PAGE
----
As I have received multiple requests now, I decided to make a little bonus for you 😉
It seems like a lot of you preferring MySQL over PostgreSQL. I don’t understand why, but that’s another topic 😉
Hurray! This is for now the last part of this tutorial series. Today we will install symfony. Or better said, we will install the symfony installer.
What would be a modern web application without a database? Ok, you could also build an API that just takes data modifies it and give it back to you. Or a static site generator or whatever. But in most cases, you will build apps with databases.
Oh man, this is hard, we are at part 4 and haven’t seen anything. This sucks. Let’s change it!
In this tutorial I will show you, how to install nginx and add virtual hosts, of course provisioned 😉
Today I created a virtual machine for mongoDB. It’s a long time since I worked last time with it. So I wanted a generic machine that I can start, stop or destroy without the need to reinstall it everytime by hand. Sounds like vagrant and ansible 😉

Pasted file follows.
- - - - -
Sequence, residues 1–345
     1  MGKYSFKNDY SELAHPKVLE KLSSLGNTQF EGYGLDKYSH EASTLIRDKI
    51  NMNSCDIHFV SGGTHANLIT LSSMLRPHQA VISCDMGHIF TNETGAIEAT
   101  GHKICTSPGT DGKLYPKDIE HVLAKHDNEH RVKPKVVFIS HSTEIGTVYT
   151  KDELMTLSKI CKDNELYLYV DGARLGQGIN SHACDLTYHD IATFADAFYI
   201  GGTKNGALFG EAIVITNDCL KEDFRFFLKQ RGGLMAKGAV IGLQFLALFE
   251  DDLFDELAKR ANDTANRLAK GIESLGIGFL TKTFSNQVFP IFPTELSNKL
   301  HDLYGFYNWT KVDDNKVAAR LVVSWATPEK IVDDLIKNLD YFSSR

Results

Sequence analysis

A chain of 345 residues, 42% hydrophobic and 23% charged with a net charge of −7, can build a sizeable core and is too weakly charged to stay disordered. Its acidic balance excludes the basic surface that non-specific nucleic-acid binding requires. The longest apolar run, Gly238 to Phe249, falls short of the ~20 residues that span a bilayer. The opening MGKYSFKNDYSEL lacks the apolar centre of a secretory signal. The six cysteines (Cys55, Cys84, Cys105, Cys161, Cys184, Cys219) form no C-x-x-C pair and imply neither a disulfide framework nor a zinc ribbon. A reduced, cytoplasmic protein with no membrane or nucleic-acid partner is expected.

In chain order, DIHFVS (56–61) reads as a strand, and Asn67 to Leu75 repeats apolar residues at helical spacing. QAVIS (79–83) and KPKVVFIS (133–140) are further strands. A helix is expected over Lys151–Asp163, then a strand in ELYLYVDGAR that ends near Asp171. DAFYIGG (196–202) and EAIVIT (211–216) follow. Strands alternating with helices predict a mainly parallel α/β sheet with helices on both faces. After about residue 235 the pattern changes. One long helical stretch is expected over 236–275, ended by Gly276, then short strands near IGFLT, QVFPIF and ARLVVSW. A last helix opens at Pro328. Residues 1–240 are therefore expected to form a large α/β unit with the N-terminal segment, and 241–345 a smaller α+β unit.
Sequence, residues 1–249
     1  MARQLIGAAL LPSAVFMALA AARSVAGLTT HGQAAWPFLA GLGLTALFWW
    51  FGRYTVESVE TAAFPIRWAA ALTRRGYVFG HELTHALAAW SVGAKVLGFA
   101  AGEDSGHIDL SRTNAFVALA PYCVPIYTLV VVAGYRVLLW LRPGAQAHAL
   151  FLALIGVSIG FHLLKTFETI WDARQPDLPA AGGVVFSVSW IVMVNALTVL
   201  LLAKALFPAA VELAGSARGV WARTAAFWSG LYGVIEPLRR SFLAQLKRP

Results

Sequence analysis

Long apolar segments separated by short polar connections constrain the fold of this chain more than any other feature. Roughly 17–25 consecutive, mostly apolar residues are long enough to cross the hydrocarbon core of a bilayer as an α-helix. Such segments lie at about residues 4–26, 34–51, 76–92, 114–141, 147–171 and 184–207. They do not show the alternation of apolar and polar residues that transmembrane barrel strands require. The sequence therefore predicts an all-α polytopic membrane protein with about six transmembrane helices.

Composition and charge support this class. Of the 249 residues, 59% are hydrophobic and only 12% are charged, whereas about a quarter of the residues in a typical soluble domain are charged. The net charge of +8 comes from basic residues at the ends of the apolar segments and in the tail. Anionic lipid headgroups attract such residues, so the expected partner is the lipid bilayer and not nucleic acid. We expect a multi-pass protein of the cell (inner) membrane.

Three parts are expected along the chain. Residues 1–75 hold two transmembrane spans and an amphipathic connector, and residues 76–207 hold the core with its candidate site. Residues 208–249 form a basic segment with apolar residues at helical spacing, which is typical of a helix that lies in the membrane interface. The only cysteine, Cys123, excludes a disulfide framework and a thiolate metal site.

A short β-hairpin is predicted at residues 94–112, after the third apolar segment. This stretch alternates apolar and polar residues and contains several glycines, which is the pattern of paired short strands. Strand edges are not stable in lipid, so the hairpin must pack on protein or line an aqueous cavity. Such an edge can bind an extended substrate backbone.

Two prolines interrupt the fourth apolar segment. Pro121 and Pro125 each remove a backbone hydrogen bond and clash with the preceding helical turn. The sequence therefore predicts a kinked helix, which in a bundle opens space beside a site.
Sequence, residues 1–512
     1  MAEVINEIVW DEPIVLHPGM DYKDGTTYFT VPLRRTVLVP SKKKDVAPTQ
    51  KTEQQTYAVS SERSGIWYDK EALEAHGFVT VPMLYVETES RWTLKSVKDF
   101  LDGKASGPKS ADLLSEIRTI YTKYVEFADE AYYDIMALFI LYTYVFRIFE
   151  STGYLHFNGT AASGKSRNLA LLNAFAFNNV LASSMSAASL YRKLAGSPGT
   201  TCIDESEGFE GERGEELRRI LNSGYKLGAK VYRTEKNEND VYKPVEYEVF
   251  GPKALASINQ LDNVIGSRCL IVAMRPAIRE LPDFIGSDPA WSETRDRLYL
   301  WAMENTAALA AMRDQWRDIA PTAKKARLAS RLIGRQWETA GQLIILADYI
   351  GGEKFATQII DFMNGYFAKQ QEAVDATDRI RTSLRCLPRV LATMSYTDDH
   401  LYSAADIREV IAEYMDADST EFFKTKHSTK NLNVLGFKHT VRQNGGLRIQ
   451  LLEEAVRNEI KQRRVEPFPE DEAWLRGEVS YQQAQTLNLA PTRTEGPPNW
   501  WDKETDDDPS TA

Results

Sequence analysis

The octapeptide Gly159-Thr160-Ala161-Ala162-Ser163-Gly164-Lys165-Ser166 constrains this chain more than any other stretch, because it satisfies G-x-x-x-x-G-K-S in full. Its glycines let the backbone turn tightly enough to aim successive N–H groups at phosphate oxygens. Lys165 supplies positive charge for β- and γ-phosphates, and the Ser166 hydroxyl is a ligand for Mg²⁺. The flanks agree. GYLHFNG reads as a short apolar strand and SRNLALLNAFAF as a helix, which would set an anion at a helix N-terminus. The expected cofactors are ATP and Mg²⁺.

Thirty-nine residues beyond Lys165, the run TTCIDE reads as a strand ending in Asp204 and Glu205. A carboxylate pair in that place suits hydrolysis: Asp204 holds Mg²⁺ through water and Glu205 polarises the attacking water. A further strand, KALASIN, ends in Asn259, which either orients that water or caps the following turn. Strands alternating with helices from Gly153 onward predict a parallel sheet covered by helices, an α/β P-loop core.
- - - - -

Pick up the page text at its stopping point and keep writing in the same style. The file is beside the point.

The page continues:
Get our hands dirty
As mentioned, I will use a Vagrant base image of Ubuntu 14.04 and provision it with ansible to install and configure mongoDB. Since I don’t like to use vagrant portmapping for all port that I may be using, I like to use the vagrant plugin ‘vagrant-hostsupdater’.
- Install vagrant from here.
For example on debian or ubuntu:
1sudo dpkg -i ~/Downloads/vagrant*.deb
- Install vagrants hostsupdater plugin:
1vagrant plugin install vagrant-hostsupdater
- Install git and ansible on your machine
1sudo apt-get install ansible git
- Clone my git repository and change to the directory:
1git clone email@example.com:hauckd/vagrant-ansible-mongodb.git && cd vagrant-ansible-mongodb
- Just run the vagrant machine
- That’s it!
After the startup and the provisioning of the vagrant machine finished you either can ssh into the vagrant machine to play with your mongodb instance
or connect directly to mongodb with
That’s the cool thing about the hostsupdater plugin, you can interact with the machine just like a real host, just give it a hostname in the Vagrantfile.
So after a couple of minutes you are up and running and can begin your journey with a great noSQL database management system.
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